Experts’ Rank: 5
My Rank: 5
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Jordan Peele’s psychological horror film about racial paranoia, and identity gentrification Get Out popped up in what is usually the wasteland of February last year, made a splash, and has managed to stay on people’s minds in the intervening year in a way that most Oscars prognosticators would typically deem close to impossible. The slow burn plot, carefully placed hints, and sharply conceived shot composition, paired with its unique point of view (although I have heard people call it an updated sort of Stepford Wives, which isn’t entirely unfair) do combine to make it a truly memorable movie experience. It also doesn’t hurt that Peele has the benefit of some excellent performances by Daniel Kaluuya, Bradley Whitford, and Betty Gabriel in particular. This is, without a doubt, one of the movies of 2017 that is a must-watch to pull together film with the cultural landscape. All that being said, Peele does break the spell a bit at times with comedic segments that seem like they’re from a different movie altogether and the story’s endgame really isn’t different enough from what the audience has every reason to suspect within the context of the movie as seen so far to qualify it as surprising at all. To my taste, either the reveal should have been more surprising or presented with more subtlety. Get Out could have been even more effective if it was shorter by about five minutes, trimming some of the comedy and making the endgame less explicit for the audience.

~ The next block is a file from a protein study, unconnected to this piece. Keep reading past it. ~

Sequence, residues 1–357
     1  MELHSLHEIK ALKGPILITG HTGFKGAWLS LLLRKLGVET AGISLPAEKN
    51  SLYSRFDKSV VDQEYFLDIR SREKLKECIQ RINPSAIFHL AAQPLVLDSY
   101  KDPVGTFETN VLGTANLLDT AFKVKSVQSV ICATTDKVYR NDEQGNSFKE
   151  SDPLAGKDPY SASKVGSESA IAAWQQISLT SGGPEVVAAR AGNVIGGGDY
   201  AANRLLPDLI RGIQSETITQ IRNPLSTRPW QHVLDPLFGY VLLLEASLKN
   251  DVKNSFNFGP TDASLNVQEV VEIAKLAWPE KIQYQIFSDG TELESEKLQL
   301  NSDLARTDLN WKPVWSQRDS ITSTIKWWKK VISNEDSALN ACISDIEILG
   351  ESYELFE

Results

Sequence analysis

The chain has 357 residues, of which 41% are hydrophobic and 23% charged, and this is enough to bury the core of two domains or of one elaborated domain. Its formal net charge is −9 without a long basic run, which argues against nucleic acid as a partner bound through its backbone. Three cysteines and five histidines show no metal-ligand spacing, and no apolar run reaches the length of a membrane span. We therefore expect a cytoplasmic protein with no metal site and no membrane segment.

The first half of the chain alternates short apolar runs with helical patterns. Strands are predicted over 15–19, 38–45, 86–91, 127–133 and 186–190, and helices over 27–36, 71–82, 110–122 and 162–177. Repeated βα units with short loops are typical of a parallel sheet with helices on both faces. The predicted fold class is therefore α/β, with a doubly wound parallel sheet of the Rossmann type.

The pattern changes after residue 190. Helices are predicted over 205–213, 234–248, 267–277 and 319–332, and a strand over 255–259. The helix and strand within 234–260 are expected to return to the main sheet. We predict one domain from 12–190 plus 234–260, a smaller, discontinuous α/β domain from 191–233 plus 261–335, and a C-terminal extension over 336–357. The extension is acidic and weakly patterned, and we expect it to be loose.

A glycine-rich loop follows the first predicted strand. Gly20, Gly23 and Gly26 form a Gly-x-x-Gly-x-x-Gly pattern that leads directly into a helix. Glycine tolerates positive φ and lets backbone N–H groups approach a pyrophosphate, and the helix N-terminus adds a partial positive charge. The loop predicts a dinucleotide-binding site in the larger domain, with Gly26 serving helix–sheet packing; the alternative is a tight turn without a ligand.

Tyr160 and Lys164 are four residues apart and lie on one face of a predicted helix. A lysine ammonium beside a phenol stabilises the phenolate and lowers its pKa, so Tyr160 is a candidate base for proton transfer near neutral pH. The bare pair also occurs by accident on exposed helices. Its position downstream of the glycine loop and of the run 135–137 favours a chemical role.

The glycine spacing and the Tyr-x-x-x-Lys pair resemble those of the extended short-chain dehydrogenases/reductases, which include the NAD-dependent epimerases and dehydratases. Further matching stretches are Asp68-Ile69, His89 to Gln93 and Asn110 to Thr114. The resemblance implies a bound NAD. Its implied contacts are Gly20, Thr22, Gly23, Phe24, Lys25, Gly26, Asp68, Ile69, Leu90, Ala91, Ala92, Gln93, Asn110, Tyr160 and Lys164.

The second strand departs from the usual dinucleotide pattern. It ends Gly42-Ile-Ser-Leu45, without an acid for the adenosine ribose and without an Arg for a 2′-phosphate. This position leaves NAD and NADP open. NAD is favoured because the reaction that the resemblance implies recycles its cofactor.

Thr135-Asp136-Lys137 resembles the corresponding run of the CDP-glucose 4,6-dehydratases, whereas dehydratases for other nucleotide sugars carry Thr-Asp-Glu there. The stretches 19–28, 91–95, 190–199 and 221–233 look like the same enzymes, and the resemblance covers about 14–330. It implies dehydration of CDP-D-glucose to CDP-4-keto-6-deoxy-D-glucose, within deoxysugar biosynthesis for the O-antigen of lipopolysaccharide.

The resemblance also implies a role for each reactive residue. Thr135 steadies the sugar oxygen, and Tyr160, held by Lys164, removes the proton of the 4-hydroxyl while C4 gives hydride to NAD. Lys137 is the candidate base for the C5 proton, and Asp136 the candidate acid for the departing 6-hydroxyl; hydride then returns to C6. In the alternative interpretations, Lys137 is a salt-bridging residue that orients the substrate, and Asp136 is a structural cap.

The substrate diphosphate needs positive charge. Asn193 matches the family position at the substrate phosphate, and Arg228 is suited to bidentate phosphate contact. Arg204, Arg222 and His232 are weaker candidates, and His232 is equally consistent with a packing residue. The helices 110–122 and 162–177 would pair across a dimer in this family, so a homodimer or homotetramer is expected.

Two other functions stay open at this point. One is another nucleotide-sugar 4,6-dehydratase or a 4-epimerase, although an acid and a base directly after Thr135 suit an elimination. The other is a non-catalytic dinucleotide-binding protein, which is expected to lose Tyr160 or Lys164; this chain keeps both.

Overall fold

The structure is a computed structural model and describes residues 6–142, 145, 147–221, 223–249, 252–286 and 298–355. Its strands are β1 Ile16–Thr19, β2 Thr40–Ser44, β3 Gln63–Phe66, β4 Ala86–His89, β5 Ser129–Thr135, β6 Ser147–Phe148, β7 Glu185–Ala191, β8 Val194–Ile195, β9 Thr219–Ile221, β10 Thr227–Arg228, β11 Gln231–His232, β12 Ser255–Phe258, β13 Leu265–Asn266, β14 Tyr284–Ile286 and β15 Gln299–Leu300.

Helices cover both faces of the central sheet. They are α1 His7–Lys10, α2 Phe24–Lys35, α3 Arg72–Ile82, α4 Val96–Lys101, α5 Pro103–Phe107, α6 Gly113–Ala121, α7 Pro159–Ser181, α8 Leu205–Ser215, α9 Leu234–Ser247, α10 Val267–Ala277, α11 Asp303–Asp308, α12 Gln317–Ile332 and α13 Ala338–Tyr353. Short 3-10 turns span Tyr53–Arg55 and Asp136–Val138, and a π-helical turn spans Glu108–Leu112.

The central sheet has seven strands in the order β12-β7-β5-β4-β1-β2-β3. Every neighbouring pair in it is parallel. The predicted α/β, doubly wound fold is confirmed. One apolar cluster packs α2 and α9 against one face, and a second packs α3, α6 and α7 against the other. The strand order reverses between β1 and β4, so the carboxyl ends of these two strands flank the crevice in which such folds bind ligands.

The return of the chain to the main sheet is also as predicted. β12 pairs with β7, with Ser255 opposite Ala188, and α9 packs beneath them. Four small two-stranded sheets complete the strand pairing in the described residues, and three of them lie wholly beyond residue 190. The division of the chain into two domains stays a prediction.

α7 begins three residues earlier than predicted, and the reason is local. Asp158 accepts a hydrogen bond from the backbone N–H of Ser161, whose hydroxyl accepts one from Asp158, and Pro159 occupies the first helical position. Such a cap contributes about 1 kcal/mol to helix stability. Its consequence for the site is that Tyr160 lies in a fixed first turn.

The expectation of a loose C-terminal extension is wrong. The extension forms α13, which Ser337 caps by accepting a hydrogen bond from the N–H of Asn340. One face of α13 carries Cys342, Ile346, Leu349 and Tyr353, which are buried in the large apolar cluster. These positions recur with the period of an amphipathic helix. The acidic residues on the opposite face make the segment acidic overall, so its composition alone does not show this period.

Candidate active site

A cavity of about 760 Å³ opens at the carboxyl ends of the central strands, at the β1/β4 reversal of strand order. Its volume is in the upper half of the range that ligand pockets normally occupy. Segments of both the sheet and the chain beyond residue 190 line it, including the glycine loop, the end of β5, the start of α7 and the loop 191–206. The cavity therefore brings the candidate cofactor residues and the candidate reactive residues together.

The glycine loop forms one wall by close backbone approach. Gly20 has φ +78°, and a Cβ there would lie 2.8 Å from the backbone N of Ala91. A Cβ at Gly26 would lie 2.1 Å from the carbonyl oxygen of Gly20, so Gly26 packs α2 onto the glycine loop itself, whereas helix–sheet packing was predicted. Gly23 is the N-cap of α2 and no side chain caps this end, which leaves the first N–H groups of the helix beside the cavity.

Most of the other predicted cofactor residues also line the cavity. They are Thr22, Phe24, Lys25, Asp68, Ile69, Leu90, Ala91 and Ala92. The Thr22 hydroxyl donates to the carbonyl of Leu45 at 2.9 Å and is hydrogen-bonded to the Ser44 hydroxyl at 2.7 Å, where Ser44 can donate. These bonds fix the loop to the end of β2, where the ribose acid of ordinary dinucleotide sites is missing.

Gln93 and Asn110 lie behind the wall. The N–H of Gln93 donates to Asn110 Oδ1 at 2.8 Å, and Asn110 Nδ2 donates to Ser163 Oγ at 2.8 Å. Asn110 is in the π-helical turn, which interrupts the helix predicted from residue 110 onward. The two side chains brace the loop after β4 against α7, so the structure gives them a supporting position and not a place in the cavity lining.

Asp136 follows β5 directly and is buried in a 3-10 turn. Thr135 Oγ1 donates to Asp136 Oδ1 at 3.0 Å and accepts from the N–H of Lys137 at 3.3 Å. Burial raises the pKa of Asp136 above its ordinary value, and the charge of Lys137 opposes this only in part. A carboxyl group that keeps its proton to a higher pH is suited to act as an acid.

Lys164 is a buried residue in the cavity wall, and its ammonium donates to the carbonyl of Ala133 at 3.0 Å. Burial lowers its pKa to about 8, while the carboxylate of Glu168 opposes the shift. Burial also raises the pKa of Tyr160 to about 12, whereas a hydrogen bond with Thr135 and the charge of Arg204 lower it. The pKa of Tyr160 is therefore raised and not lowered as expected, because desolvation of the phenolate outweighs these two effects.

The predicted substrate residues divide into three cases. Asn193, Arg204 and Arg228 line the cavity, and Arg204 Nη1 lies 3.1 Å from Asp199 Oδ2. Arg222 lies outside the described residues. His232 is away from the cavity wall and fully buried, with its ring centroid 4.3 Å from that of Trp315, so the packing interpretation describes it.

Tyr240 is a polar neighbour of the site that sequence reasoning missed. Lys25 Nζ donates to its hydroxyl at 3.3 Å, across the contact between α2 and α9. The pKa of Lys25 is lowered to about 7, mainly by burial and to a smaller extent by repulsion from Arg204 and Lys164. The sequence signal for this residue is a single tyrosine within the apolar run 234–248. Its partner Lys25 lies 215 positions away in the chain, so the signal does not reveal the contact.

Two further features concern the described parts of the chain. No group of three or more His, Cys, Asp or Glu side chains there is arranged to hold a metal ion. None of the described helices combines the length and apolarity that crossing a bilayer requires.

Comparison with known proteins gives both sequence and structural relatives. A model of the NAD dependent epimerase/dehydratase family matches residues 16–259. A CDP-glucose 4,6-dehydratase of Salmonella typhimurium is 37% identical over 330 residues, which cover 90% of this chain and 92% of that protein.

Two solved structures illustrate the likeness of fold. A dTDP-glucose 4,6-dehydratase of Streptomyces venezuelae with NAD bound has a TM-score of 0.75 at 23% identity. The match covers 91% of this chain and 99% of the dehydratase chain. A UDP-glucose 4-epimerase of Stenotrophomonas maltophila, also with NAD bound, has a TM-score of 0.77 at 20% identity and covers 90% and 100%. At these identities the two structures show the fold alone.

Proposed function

Experts’ Rank: 3
My Rank: 6